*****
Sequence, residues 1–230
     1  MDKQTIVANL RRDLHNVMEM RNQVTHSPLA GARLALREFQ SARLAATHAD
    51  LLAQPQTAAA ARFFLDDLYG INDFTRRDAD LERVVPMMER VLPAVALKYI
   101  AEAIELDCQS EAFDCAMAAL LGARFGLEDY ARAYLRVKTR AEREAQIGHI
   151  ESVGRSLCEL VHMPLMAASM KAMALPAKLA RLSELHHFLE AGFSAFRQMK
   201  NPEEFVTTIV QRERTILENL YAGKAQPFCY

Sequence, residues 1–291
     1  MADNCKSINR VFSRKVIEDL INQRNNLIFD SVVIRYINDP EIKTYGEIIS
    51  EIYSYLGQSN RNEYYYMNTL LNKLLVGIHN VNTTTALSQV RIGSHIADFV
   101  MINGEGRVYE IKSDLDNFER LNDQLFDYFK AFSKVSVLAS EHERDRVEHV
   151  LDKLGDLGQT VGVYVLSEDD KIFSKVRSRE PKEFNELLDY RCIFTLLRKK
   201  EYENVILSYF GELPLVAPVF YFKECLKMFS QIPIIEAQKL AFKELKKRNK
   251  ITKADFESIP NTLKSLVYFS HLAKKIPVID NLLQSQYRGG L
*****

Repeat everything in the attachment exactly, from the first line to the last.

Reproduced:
Sequence, residues 1–230
     1  MDKQTIVANL RRDLHNVMEM RNQVTHSPLA GARLALREFQ SARLAATHAD
    51  LLAQPQTAAA ARFFLDDLYG INDFTRRDAD LERVVPMMER VLPAVALKYI
   101  AEAIELDCQS EAFDCAMAAL LGARFGLEDY ARAYLRVKTR AEREAQIGHI
   151  ESVGRSLCEL VHMPLMAASM KAMALPAKLA RLSELHHFLE AGFSAFRQMK
   201  NPEEFVTTIV QRERTILENL YAGKAQPFCY

Sequence, residues 1–291
     1  MADNCKSINR VFSRKVIEDL INQRNNLIFD SVVIRYINDP EIKTYGEIIS
    51  EIYSYLGQSN RNEYYYMNTL LNKLLVGIHN VNTTTALSQV RIGSHIADFV
   101  MINGEGRVYE IKSDLDNFER LNDQLFDYFK AFSKVSVLAS EHERDRVEHV
   151  LDKLGDLGQT VGVYVLSEDD KIFSKVRSRE PKEFNELLDY RCIFTLLRKK
   201  EYENVILSYF GELPLVAPVF YFKECLKMFS QIPIIEAQKL AFKELKKRNK
   251  ITKADFESIP NTLKSLVYFS HLAKKIPVID NLLQSQYRGG L